Description:

Question: How do I address edema? 

 

Edema is basically going to be caused by excess salt retention in the body. The reason is that with the exception of very extreme scenarios, your body is going to tightly regulate the sodium concentration of the water in your body, and sodium draws water. 

 

Now, that's not to say that the cause is eating salt. And there are cases where eating salt might remove edema. But generally salt retention of total water volume is going to be a big factor. In hypothyroidism it becomes I believe at least partly about glycoproteins in those spaces that are holding onto water. 

 

If it's thyroid-related, you're not really talking about nutritional support, you're talking about fixing your thyroid. Maybe that means nutritional support, but it might mean other things. But the nutrition is aimed at the thyroid, not the edema.

 

Maybe manganese would help modulate those glycoproteins in hypothyroidism the same way that it does in regulating the stickiness of the arterial wall. I'm totally guessing on that.

 

Edema in the menstrual cycle is caused by high aldosterone, which is probably caused by high progesterone. I know that everyone in alternative health thinks that progesterone is the good hormone, and estrogen is the bad hormone — but in PMS water retention, I believe progesterone is just accumulating so much that it's spilling into aldosterone. I genuinely don't know what to do about the high progesterone, but about the high aldosterone. Magnesium and B6 have been shown to help with that. I did an episode about that, so I would Google "Masterjohn what to do about menstrual weight gain" for more details on thata. Then I would play around with salt and potassium. So, generally less salt during that time and more potassium in the diet are potentially going to be helpful.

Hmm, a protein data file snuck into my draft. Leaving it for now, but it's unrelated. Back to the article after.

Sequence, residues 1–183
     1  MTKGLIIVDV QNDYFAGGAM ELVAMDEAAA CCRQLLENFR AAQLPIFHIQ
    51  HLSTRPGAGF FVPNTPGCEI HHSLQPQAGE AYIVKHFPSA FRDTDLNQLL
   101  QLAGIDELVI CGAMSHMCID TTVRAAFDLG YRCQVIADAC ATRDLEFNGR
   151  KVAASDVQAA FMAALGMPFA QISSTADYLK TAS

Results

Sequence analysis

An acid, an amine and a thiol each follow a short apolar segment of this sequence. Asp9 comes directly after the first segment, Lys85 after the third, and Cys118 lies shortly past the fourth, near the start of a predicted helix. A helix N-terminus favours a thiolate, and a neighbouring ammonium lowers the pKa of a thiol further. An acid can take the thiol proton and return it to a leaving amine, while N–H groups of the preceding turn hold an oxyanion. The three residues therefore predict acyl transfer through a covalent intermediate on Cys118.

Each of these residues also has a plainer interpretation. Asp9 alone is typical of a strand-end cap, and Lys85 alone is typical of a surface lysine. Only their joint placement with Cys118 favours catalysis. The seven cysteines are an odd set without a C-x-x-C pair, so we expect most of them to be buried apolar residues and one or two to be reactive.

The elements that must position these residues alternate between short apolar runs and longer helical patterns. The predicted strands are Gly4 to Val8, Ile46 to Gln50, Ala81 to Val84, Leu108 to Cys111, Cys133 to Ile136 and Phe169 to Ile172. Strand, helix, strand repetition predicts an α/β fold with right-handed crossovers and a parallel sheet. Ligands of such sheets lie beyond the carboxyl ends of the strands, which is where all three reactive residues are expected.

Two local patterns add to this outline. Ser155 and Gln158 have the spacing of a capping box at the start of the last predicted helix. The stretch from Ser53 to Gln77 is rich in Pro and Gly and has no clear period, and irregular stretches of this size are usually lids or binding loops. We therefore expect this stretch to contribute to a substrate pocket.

I think the principles are going to be similar elsewhere. It doesn't have to be in the menstrual cycle. You are generally going to find that salt is increasing extracellular water, and potassium is increasing intracellular water, and that's often going to be a factor in edema that can't be tied to thyroid hormone.

 

This Q&A can also be found as part of a much longer episode, here:https://chrismasterjohnphd.com/podcast/2019/02/09/ask-anything-nutrition-feb-1-2019/ 

 

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How do you determine if you’re getting enough protein?

Dec 3, 2019 03:11

Description:

Question: "How do you determine if you're getting enough protein? I heard Dr. Stephen Phinney say, for those on a keto diet, if ketones are greater than 3 on a regular basis, then it's a sign you're not getting enough protein."

 

First of all, why are you on a ketogenic diet? 

 

If your purpose is to get the ketones, why wouldn't you want your ketones higher than 3? The ketogenic diet is, regardless of what people are doing it for, it's best tested in terms of epilepsy, and the classical ketogenic diet gets ketone levels up to 3 or 4 millimoles per liter… sometimes higher.